There’s absolutely nothing wrong with comparing skin colour or using it to show a contrast. It’s only the dick heads of the world who say it’s wrong. We should be celebrating our vast richness of colour around the world not reacting to a set of rules imposed on us by society or what experts say. No one colour is better than another. Period.
And how about this photo? Do you see any racism there? I don’t. I see a couple enjoying the sun. Naturally the anti-racists out there will scoff at this, I suspect, but in the end it’s just a photo! You read whatever you want to into it, and a lot of how you judge things like racism is due to what society tells you and conditioning from birth.
If there was a magical pill that erased every last memory about racism for every person on the planet the world would be a very different place the next day. There’s a lot of harm that comes from racism but equally harm can come from pathetic over reactions like this. My advice is to check your head before you rant about something. I did. I spent a few hours mulling over this post before I started writing so it wasn’t a knee jerk reaction.
That’s it. My rant is over.
Want to see a very happy dog playing with a brand new squeaky toy?
Sure you do! Keep reading, dear blog reader, and you’ll see happy squeaky time in action!
Squeaky dog toys don’t last very long in our house. After a couple of weeks of serious play time by Ben, his new toy, a Kong Air Ball, has been stripped of its bright yellow skin and is reduced to a considerably less jolly mucky black rubber thing. It’s at this point that Tilly, our resident Orang-utan Ninja, decides the squeaking has gone on long enough. She takes the Kong from Ben in order to have a quiet word with it.
She’ll chew out the squeaker while poor Ben stands there and watches, tail half wagging, not sure why Tilly isn’t playing. Ben wants to play all the time and the puzzled look on his face, as she chews his once beautiful toy, is both comical and sorrowful. After Tilly has thoroughly interrogated the Kong she chews it into tiny pieces and leaves Ben to stare in disbelief at the mess.
Both dogs love toys but they have different opinions about the concept of playtime.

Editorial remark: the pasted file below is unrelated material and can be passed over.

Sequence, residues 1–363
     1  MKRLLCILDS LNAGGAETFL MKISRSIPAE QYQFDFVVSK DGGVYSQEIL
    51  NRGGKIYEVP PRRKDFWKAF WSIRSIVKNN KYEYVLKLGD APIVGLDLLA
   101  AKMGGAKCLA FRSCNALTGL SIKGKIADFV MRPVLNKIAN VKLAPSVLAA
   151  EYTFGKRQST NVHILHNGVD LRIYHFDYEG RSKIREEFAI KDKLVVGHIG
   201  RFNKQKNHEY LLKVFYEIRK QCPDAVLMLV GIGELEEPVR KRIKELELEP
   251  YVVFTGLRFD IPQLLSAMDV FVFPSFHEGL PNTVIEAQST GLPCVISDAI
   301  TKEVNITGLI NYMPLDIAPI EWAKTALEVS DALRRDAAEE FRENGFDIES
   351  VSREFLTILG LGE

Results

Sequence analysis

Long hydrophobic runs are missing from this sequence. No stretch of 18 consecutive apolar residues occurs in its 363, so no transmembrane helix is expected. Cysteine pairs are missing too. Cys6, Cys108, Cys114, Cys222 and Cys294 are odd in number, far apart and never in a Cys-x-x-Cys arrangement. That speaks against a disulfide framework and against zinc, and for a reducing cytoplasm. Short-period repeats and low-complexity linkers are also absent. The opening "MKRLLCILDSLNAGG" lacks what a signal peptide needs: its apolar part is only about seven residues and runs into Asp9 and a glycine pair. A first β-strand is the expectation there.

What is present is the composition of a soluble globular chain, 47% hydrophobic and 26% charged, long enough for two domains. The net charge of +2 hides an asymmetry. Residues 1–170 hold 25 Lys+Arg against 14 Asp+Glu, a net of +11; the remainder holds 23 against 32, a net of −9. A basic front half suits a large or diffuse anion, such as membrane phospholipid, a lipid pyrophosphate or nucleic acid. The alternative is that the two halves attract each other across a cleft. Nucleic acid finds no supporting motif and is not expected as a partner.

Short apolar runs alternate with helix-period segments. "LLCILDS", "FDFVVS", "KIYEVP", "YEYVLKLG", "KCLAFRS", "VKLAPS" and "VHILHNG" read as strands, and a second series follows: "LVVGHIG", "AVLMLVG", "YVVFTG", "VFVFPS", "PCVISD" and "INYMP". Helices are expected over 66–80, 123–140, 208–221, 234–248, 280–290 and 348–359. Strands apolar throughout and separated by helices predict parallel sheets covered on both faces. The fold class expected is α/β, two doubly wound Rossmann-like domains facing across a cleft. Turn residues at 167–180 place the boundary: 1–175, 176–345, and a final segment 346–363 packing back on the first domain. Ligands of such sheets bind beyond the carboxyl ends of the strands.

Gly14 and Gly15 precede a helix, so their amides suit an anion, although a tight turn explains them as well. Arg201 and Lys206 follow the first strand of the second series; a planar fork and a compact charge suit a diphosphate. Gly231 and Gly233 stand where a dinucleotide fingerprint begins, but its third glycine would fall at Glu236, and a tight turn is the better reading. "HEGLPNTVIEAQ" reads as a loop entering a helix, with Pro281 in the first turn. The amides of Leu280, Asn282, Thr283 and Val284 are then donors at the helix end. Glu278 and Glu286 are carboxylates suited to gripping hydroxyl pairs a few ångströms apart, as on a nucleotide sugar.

Ben runs, fetches, chases, growls, whines, bounces around, chuffs and yelps with his helicopter tail whizzing round and round. Bouncy! Happy! Play! Play!
Tilly has a similar approach although for her, toys are there to be chewed into tiny pieces.
Post Destroyed Squeaky Ball Syndrome.
After a few days without a happy ball to play with, Ben will look around for something else to play with. I can be watching TV and he’ll drop a bit of scrap cloth in my lap, or the remains of an ex-ball. With pleading eyes he stares up at me. “Please? I know it’s not a bright yellow ball but it’ll be okay, right?”
I try to be enthusiastic but watching a dog running to fetch a bit of rag that doesn’t bounce or squeak is quite sad.
“To the Pet Store!”
And the joy on Ben’s face is worth every penny of the £1 for a brand new Kong Air Ball! So check out this short video clip to see the happiest dog in the world! Oh, and by the way, those noises…those are his happy noises!
Around our kitchen table we pride ourselves on discussing topics that, until recently, we assumed were fairly normal chit-chat. From the much debated: “If you had to eat one type of food for the rest of your life, what would it be?” or “If you were turned into a dog, but kept your human mind, would you lick your own junk?” and then on to the more weird: “Would you rather be made out of chocolate or pizza dough?” And the popular: “If you had to, could you kill a chicken?”
And then we come to the ever popular subject of zombies, which crops up frequently as we tuck into our evening meal. I savour those moments, dear blog reader, like I would a fine glass of yummy strawberry milkshake on a hot day.
Zombie discussions mainly arise due to the genre of my novel, The Range, a post-apocalyptic story about survival, courage, friendship and trust. The actual apocalyptic subject is more a backdrop for the story rather than the story itself.
Our debates go from general What-If questions to in-depth plans for surviving a zombie outbreak. No area is off-limits and we’ll be quite happily munching through a roast dinner when someone will say: “When the zombies come and we run out of food, rather than face starvation I’d probably eat one of you.”